August 21, 1940: Death of Comrade L.D. Trotsky, founder of the Soviet Red Army and co-leader of the Great October Socialist Revolution.
Photo: L.D. Trotsky in 1924
Trotsky on women’s liberation and the USSR
Leon Trotsky, who stood with Lenin in the front ranks of the Bolshevik revolution, expressed concerns similar to those of Lenin with regard to freeing women from domestic drudgery: “Washing must be done by a public laundry, catering by a public restaurant, sewing by a public workshop. Children must be educated by good public teachers who have a real vocation for the work. Then the bond between husband and wife would be freed from everything external and accidental, and the one would cease to absorb the life of the other. Genuine equality would at last be established.” (“Problems of Everyday Life,” New York: Monad Press, 1973, p. 42)
Defeating the capitalists and feudalists through proletarian revolution in one of the world’s poorest countries, and then struggling through civil war and imperialist invasion, the Soviets were hard pressed to provide all that was materially required. Gradually though, through rational, socialist planning and the revolutionary dedication of the workers and peasantry, great strides forward that would have been impossible under capitalist rule were made. Politically, however, after the death of Lenin in January 1924, much was lost, as documented in great detail in Trotsky’s later writings.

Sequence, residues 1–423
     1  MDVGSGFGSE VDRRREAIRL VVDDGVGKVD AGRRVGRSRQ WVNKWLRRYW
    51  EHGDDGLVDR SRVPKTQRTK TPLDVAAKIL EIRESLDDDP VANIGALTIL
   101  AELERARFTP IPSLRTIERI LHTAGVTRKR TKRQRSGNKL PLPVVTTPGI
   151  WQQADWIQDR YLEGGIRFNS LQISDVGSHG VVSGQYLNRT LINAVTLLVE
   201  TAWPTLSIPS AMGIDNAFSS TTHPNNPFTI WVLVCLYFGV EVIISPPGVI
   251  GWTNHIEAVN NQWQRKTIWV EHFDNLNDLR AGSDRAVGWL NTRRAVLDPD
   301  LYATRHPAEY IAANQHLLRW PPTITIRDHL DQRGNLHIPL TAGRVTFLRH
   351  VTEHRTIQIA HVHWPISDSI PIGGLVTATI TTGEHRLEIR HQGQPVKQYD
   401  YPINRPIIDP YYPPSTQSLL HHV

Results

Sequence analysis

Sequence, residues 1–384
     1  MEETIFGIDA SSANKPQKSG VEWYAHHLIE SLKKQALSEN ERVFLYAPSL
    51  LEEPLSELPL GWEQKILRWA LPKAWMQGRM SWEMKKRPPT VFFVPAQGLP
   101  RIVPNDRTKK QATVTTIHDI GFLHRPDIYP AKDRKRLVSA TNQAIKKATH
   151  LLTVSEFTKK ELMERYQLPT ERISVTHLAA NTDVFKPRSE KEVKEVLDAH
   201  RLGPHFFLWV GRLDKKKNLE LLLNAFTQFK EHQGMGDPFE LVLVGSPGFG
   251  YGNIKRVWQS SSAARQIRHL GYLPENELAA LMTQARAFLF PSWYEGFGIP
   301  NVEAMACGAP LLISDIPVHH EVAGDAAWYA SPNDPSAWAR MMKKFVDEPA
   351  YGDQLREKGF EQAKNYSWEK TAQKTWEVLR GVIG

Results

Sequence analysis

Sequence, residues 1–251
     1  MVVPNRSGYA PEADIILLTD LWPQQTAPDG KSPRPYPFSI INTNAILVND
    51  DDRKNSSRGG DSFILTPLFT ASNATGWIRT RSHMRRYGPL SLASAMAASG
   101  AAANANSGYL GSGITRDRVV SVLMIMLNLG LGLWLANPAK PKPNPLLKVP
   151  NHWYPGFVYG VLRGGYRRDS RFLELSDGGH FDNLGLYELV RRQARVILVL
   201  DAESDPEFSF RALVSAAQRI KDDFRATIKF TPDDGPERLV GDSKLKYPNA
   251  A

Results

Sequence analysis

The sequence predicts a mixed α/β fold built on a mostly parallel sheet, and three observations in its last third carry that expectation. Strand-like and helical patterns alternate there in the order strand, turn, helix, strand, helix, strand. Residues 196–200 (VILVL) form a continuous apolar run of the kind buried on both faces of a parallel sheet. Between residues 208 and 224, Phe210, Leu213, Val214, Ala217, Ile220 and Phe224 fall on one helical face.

Having been forced into exile, Trotsky wrote disparagingly of the backtracking of the privileged Stalinist bureaucracy on social/sexual matters as on other issues in 1936: “The marriage and family laws established by the October Revolution, once the object of its legitimate pride, are being made over and mutilated by vast borrowings from the law treasuries of the bourgeois countries. And as though on purpose to stamp treachery with ridicule, the same arguments which were earlier advanced in favor of unconditional freedom of divorce and abortion — ‘the liberation of women,’ ‘defense of the rights of personality,’ ‘protection of motherhood’ — are repeated now in favor of their limitation and complete prohibition.” (pp. 86-87)
Nonetheless, the Soviet Union, having come into existence bearing a millstone of millions of illiterate and desperately poor people, was, within a short period of time, able to produce several generations of socially secure, educated women, including many women in positions of authority and leadership. And the socialist goal to free women from patriarchal slavery has continued and grown in the century since the birth of the Soviet Union. Socialist and communist leaders like Rosa Luxemburg in Germany, Nguyen Thi Binh (Madam Binh) in Vietnam, Jiang Qing (Chiang Ching) in China, Lolita Lebrón in Puerto Rico, Leila Khaled in Palestine, Nidia Díaz in El Salvador, Haydée Santamaría in Cuba, Titina Silla in Guinea Bissau, the Black Panther women in the U.S. and countless other revolutionary women have been an inspiration to millions, women and men alike, all around the world.
– Bob McCubbin, “A Brief History of Marriage Part 26,” Workers World, December 18, 2013